If you have not yet been able to participate in our Innovation Summit, 2016 is likely a good year to consider doing so. While the VUCA global economy still presents challenges on a regular basis, North America and Europe are becoming more predictable and hence stable. This past year, companies have regained some moxie to attempt higher levels of innovation.
Incremental For A Decade
Robert Cooper's research showed that spending on "New To-The-World/Market" was down 43.7% and spending on "New Product Lines" was down 30.1%, while spending on improvements and modifications was up 80.1% this past decade. Bottom feeding will not go on forever. Soon, your company will be increasing the risk of its new product portfolio spending. Year-over-year cost reductions and productivity gains are no longer putting up enough numbers on Wall Street. And, some of the new product directions will be surprising. It is the internet age.
Last year was a banner year for the development of new metrics aimed at measuring overall levels of innovation. New measures in this area are an indicator of the demand for innovation. R&D Productivity and R&D Efficiency were introduced, and Research Quotient gained some momentum. RQ is focused on measuring the right level of investment, versus measuring the results of investments. Another good sign.
Disruptive Forces Grow
Since our first Summit in 2005, GGI has constantly refreshed our curriculum. As we wrote you last year, only a few pages of our original course book remain today. We were pleased that several of our long term colleagues, who attended our original Summits, registered again for our Summit last spring. All went well.
Let's pick one example of keeping current. 2015 marked the 20th anniversary of Clayton Christiansen's first publication on Disruptive Innovation. Back in 1995, we looked at cascading s-curves to describe the science of disruption. We were left to figure out our own mechanics on how to get there. Last year, GGI researched the evolving "how to disrupt" methods that are starting to take shape. We don't think every one of these techniques makes for winning products, but they all have backers and most have the potential to do so. If an executive asked you to define a product that innovates from the bottom of the pyramid, are you ready to take the lead on that project? How about one that produces a big bang, or a digical outcome?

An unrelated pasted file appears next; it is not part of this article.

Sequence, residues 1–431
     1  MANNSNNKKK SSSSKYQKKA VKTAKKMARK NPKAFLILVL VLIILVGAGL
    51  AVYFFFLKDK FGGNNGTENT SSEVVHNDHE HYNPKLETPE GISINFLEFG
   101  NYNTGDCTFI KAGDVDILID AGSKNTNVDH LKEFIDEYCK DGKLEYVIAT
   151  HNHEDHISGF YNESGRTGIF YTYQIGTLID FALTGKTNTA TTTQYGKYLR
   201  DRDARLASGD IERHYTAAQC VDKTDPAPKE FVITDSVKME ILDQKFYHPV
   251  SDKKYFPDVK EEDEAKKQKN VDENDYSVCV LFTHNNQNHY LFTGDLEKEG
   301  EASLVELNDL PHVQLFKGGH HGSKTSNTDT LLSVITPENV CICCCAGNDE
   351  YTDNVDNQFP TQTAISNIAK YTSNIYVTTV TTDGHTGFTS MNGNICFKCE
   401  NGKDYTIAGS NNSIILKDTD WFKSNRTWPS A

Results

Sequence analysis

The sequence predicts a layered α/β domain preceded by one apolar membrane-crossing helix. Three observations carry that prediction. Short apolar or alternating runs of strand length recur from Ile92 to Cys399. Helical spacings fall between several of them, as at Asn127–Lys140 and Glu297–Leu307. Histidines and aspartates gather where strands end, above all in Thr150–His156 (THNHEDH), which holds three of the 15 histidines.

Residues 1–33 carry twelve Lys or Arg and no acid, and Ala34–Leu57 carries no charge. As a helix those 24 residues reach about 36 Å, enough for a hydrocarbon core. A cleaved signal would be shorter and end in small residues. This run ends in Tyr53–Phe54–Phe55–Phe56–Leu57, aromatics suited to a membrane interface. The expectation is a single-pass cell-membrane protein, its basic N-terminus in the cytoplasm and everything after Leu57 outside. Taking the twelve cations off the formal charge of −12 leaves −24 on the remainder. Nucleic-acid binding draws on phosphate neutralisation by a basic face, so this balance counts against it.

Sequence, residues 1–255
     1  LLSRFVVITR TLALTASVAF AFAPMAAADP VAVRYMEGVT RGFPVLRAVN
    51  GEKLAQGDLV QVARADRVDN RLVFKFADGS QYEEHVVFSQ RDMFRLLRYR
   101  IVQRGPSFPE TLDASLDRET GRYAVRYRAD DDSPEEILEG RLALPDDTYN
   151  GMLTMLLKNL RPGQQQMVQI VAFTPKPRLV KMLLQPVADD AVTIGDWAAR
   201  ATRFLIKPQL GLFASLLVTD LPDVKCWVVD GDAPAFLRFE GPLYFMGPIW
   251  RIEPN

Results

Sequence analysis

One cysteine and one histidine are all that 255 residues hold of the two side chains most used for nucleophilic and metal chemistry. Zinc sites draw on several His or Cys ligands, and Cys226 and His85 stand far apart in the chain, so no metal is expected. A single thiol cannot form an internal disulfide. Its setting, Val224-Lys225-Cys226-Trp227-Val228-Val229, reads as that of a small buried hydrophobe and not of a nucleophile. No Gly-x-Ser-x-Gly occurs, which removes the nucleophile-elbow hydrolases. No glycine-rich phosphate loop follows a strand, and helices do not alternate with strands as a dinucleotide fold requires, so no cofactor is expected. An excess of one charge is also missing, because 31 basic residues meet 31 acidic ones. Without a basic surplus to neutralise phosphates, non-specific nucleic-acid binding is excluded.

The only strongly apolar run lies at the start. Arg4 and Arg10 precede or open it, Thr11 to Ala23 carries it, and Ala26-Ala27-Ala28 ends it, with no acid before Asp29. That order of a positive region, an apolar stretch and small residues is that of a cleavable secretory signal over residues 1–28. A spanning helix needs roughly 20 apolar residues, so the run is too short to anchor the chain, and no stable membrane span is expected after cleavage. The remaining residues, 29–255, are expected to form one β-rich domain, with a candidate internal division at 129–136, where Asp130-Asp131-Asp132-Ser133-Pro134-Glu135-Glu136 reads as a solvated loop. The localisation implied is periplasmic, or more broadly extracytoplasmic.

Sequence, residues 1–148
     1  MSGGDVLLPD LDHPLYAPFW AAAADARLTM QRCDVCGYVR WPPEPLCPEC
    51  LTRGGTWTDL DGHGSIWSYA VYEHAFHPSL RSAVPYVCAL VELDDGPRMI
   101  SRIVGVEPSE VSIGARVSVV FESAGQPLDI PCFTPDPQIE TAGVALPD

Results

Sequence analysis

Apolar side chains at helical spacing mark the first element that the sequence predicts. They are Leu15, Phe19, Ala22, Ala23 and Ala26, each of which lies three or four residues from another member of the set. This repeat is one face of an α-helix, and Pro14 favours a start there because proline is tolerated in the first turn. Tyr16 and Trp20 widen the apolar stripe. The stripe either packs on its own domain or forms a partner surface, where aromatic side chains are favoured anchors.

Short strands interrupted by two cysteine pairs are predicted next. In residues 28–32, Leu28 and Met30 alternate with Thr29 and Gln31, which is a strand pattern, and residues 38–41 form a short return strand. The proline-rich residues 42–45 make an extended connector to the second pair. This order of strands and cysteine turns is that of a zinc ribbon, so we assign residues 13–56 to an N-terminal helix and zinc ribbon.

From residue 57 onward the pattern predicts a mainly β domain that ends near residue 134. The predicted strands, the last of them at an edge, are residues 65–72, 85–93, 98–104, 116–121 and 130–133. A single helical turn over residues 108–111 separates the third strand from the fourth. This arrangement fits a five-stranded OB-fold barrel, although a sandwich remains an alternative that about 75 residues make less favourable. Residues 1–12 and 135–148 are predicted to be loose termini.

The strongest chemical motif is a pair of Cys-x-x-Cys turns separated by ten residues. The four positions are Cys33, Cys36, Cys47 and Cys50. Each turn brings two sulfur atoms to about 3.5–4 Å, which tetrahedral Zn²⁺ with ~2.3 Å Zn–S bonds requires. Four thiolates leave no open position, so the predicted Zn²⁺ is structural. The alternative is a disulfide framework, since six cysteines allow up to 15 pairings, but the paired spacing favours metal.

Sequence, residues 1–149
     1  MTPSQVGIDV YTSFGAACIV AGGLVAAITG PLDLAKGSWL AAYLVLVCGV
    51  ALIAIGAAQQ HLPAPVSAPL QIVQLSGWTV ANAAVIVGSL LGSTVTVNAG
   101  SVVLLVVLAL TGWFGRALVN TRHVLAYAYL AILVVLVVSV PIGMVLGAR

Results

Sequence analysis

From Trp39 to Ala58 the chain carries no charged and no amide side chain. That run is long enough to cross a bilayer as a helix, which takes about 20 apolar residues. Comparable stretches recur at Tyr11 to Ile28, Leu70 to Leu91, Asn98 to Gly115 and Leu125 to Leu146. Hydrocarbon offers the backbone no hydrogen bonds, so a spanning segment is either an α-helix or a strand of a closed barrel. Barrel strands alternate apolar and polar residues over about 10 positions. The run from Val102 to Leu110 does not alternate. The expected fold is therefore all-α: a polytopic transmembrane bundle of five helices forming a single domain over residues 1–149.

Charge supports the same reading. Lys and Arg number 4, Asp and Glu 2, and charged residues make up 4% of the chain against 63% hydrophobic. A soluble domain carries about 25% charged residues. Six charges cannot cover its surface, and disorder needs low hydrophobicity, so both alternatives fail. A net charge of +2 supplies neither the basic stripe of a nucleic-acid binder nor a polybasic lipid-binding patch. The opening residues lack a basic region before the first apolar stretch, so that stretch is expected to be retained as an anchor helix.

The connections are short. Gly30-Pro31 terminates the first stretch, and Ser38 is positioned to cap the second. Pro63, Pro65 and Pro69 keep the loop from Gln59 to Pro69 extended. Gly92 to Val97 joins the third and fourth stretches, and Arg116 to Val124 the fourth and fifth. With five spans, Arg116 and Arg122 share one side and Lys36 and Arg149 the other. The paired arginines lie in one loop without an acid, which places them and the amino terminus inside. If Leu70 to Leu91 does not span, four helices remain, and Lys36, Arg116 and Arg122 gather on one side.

• Reverse Innovation
• Bottom of Pyramid Innovation
• Trickle-Up Innovation
• Disruptive Innovation
• Emerging Technology Innovation
• Big Bang Innovation
• Digical Innovation
• Sustainable Innovation
• Design Thinking
• Ambidextrous Innovation
Managers Migrate Practices
Our Summit always maintains its focus on management's ability to fund, deploy, train, implement, measure, and to get a financial result from the subjects that comprise each of the eight modules. While we do discuss tools and tactics and the like, it is always from the perspective of a manager being able to direct and/or lead innovation initiatives. If you manage budgets, departments, functions, people, or projects our Summits are quite useful.
Dick Power and I continue to lead the Summit. Adam and Bill address a large module on intellectual property, focused on the ability to create the best offensive and defensive positions and on how to assess their value in dollars. Richard takes us through the possibilities of TRIZ, perhaps the most powerful single innovation tool available.
Please join us, or suggest that a colleague join us, for an unbiased articulation of the innovation and intellectual property capabilities that are available to corporations today. Some have said, "GGI's Summit is an executive MBA on Innovation in three days."
We hope you will join us, Tuesday to Thursday, March 29-31! There is a Reception on Wednesday evening. Thank you for considering our Summit!